Scala Tutorial - Learn How To Create Higher Order Function - Call-By-Name Function

By Nadim Bahadoor | Last updated: July 25, 2017 at 13:50 pm

Overview

In this tutorial, we will learn how to create Higher Order Function which is a function that takes another function as its parameter.

 

This tutorial is a continuation of the previous Higher Order Function tutorial and we will showcase the difference between call-by-name and call-by-value function parameters.

Steps

1. How to define a List with Tuple3 elements

Let's start by defining a List containing Tuple3 elements which would represent the name of a donut, the quantity to be purchased and its price.

 

If you are unfamiliar with the Scala Tuple syntax, feel free to review the tutorial on Tuples.


println("Step 1: How to define a List with Tuple3 elements")
val listOrders = List(("Glazed Donut", 5, 2.50), ("Vanilla Donut", 10, 3.50))

 

2. How to define a function to loop through each Tuple3 elements of the List and calculate total cost

Assume that your donut store sells donuts worldwide and as such you need to convert the total cost of buying donuts to the local currency being used.

 

To this end, let's define a placeOrder() function which would take a list of donut orders as defined in Step 1. But the function also has an exchangeRate parameter to convert the total cost to the local currency.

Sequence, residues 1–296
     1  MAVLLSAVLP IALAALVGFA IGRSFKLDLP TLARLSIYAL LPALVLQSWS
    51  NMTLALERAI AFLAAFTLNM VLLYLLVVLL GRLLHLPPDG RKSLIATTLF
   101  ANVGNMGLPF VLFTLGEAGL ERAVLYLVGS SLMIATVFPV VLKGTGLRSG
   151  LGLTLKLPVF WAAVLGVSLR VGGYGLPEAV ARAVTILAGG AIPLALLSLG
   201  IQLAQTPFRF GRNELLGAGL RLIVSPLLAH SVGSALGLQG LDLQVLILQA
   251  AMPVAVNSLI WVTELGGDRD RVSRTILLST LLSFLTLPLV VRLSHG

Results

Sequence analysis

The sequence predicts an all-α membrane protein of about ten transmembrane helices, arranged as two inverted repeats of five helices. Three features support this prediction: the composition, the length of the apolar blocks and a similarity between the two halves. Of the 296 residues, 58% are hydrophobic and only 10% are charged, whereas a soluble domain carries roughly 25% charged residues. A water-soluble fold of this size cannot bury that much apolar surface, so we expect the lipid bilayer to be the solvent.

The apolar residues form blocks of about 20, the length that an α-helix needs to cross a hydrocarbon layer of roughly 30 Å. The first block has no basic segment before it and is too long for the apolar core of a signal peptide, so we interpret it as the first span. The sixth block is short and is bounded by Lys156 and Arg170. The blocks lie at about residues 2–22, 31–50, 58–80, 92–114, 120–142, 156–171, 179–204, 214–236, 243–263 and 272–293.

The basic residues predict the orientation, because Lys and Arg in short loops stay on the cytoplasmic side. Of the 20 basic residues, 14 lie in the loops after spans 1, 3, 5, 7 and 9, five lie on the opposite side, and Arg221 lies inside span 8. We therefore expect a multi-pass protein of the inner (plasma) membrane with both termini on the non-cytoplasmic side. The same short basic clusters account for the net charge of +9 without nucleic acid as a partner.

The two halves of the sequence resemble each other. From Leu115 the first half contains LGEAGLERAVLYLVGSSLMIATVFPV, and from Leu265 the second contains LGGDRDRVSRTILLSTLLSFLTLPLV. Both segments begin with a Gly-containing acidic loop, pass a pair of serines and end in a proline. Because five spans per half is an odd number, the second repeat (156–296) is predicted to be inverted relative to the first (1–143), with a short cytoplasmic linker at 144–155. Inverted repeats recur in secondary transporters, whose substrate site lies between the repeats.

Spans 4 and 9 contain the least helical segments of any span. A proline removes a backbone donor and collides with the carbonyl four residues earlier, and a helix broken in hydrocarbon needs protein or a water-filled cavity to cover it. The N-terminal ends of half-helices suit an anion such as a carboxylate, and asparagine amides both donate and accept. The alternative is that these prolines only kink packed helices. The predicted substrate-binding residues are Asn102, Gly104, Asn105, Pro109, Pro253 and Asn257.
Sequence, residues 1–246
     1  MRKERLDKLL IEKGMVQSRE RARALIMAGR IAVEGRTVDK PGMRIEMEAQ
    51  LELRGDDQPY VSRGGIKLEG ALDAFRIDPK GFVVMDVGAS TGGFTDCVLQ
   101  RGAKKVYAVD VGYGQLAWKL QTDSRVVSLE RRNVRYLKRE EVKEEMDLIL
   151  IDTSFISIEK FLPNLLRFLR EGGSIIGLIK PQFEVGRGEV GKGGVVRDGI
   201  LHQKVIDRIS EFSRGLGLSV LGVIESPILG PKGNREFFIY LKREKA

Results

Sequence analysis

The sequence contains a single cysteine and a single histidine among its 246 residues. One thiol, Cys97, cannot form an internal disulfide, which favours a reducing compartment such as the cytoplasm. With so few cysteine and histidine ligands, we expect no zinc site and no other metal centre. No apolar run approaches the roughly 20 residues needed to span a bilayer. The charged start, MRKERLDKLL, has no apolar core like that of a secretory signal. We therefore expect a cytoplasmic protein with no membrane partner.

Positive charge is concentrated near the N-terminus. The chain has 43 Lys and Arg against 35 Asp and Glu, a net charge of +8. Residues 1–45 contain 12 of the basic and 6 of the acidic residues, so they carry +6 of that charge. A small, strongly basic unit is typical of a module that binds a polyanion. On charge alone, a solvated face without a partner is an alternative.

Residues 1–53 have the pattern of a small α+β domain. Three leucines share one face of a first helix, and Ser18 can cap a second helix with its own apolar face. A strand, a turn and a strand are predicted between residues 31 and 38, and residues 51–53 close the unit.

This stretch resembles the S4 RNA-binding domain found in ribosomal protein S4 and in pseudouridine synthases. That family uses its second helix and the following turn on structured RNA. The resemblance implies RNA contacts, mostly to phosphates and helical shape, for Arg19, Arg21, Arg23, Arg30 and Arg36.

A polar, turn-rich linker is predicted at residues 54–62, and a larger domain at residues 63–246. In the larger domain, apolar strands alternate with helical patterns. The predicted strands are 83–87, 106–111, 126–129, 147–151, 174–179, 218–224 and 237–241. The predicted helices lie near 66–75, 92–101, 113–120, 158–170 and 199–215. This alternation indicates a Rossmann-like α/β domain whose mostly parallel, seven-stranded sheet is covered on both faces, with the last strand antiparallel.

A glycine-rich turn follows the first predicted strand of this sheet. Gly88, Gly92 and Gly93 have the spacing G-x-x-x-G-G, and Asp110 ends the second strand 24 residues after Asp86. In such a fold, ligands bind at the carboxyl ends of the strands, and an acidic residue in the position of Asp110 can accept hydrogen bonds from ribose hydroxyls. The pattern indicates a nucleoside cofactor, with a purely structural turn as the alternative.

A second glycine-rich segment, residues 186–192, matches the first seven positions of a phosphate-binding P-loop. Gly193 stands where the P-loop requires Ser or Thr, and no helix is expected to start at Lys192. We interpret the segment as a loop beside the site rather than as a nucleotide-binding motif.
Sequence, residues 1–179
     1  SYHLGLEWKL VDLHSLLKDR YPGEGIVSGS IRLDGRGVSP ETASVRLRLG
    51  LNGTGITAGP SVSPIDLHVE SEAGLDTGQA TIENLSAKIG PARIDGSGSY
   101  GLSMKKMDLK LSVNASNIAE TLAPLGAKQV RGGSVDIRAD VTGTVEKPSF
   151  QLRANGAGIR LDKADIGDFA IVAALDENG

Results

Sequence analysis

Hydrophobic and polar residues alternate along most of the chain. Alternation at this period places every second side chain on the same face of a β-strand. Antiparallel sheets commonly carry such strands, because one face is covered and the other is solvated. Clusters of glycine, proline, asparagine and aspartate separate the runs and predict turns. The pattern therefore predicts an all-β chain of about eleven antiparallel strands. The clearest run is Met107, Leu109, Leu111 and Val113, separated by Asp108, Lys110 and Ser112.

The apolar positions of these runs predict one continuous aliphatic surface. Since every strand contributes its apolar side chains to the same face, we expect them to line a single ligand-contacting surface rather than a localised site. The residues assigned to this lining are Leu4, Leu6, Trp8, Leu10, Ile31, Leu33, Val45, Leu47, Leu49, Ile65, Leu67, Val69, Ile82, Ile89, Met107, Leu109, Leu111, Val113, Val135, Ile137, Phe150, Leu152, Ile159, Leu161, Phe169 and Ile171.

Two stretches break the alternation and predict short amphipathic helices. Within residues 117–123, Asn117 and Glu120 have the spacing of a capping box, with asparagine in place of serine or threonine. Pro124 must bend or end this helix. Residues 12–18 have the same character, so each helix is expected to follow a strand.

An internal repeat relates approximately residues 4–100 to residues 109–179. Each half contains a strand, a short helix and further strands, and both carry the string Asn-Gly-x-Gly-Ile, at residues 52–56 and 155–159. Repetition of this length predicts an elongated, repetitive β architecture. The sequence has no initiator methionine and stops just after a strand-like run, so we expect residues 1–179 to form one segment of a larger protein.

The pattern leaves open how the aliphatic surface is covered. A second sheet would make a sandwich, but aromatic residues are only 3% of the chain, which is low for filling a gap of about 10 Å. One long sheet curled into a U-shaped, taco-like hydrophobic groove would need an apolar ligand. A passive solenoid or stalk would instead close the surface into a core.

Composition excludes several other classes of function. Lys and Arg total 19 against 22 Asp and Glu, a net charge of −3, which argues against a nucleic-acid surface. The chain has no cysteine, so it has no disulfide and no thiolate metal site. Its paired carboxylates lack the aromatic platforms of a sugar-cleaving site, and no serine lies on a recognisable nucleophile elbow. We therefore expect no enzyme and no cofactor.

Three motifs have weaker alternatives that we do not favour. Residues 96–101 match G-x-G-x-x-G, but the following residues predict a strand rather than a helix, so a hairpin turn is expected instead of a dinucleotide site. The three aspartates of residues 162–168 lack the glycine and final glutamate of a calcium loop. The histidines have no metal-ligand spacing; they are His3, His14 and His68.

println("\nStep 2: How to define a function to loop through each Tuple3 of the List and calculate total cost")
def placeOrder(orders: List[(String, Int, Double)])(exchangeRate: Double): Double = {
  var totalCost: Double = 0.0
  orders.foreach {order =>
    val costOfItem = order._2 * order._3 * exchangeRate
    println(s"Cost of ${order._2} ${order._1} = £$costOfItem")
    totalCost += costOfItem
  }
  totalCost
}

NOTE:

  • We could have inlined the totalCost calculation and avoid the use of var, but we are showing each step of the calculation.
  • We are also using parameter groups similar to what you've learned from the tutorial on Curried Function With Parameter Groups.

3. How to call function with curried group parameter for List of Tuple3 elements